In Part 12, using only the police documents, we spent a long time looking at where the gun was found. Here we have a short post which looks at the question,
How did the gun get into that part of the burn directly below the driver’s door?
Here I don’t consider the gun being in any position other than that specified in the question because my approach in these posts is to consider only the documents released by the police and the Crown Office.
This extract from Annex A is the only reference to the question I posed.
There is little evidence for me to consider here but these few words may have an importance which is not immediately obvious …. or you may feel by the end that I have led you a merry, but unnecessary, dance.
What is clear immediately is that the police do NOT know how the gun actually got into the burn. They were faced with the situation where the gun was in the burn and they needed to be able to explain how it got there and they came up with three possible reasons.
One could call this process ‘logical deduction’ but ‘considered speculation’ is just as appropriate.
What is also clear is that the police made two basic assumptions,
- Macrae shot himself
- the gun ended up in the burn through no deliberate act.
Let’s break this down into four pieces but we’re going to look only at the first section.
|It was concluded from the position of the deceased’s head when found by witnesses that|
|that either the recoil from the gun when the fatal shot was fired caused it to drop out of the broken window into the burn|
|or that the gun was lodged against the car door and had fallen out of the car when the car door was opened by witnesses|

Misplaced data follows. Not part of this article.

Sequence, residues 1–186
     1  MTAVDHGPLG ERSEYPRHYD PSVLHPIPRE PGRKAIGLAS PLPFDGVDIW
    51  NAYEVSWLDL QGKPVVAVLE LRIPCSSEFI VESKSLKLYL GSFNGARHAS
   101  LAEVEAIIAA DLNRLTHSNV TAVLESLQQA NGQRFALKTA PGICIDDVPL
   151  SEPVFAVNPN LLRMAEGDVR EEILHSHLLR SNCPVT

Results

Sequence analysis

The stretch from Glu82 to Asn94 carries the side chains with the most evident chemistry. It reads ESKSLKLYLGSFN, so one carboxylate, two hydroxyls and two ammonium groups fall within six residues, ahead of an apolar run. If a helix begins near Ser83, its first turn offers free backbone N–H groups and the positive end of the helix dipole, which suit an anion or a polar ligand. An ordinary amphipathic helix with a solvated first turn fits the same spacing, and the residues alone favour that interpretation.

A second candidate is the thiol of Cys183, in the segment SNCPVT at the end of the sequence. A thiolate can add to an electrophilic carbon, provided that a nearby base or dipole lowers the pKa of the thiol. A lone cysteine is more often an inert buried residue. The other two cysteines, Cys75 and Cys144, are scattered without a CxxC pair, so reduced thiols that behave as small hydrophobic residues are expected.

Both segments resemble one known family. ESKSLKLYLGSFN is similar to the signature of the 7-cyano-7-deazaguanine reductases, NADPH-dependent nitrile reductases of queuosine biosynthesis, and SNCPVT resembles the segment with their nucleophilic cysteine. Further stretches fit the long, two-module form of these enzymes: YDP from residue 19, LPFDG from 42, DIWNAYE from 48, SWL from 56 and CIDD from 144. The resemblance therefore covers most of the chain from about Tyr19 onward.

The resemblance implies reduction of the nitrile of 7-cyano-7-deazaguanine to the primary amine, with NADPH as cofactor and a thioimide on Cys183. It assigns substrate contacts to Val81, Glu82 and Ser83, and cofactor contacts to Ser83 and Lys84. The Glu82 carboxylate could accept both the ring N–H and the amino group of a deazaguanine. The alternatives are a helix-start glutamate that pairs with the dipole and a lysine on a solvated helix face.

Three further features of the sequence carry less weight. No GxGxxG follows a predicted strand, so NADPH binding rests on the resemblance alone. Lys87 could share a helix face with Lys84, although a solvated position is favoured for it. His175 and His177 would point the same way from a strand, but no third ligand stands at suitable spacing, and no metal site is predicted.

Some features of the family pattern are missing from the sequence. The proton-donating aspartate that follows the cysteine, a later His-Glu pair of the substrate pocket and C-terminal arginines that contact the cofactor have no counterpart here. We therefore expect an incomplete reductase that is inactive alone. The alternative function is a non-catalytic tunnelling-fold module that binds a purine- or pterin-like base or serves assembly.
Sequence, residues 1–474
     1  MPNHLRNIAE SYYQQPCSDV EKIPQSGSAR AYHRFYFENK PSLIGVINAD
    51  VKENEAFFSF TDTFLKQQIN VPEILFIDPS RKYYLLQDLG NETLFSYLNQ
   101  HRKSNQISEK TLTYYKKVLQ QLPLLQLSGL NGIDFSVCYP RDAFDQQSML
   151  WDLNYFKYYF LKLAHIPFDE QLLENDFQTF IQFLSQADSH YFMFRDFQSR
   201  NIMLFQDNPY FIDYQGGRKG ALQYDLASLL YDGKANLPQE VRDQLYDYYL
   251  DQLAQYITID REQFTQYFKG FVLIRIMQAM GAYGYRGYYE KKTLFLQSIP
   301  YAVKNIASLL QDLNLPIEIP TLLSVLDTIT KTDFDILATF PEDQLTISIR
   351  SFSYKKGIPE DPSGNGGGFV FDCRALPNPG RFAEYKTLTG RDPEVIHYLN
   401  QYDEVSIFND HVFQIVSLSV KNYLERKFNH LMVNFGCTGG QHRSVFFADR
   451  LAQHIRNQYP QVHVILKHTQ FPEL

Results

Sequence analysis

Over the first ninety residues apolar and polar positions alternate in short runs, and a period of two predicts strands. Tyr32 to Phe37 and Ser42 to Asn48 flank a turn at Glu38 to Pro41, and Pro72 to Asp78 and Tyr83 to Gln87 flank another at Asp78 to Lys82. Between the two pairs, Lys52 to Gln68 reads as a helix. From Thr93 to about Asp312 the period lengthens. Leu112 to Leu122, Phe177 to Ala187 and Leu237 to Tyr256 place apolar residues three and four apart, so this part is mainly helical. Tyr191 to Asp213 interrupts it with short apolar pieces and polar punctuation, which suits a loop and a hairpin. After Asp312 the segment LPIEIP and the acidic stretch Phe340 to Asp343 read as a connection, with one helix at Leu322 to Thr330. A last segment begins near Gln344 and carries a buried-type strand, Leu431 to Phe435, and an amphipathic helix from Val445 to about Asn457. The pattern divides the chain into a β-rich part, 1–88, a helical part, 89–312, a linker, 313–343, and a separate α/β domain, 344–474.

|or that the gun was lodged in the deceased’s hand and had fallen out of the car when the car door was opened by witnesses|
If you think I have altered the meaning of the original statement, please let me know.
1. It was concluded from the position of the deceased’s head when found
by witnesses that
There is nothing in any of the released documents which describes the position of Macrae’s head. I have read descriptions in newspaper reports but I will not use them here because that would mean giving the description credibility which it might not deserve and so we proceed without that information.
I am puzzled that the police imply that the position of Macrae’s head is relevant to how the gun found its way into the burn but the document is in no doubt.
The three possibilities which the police found are the obvious ones. And they would still be the obvious ones regardless of the head’s position. If we stick with the two basic assumptions, mentioned above, how else could the gun get into the burn?
What options would the police have come up with had Macrae’s head been in a different position? I can’t think of any.
But the police aren’t finished with assumptions: they make two more here:
- how the gun gets into the burn is linked to the position of Macrae’s head
- all motor function stopped immediately after the shot
The first of these is, I hope, self-evident from the words used, ‘It was concluded from the position of the deceased’s head when found by witnesses that’.
It’s possible I’ve lost you on the second. Let me explain.
The police state that they drew conclusions about how the gun ended up in the burn based upon the position of Macrae’s head when he was found by the witnesses. This can only be of any value if the head’s position does not change after the initial movement following the shot. If Macrae had retained sufficient motor function to move his head even once then the conclusions would be at risk.
Imagine, in the minutes and hours after the shooting, that Macrae had retained sufficient motor function to move his head and had indeed done so then the position of his head, when found, is effectively a random position from which no conclusions can be drawn.
Therefore, the police’s words - ‘It was concluded from the position of the deceased’s head when found by witnesses that’ – only make sense if they believed that he lost all control of his head in the immediate aftermath of the shot.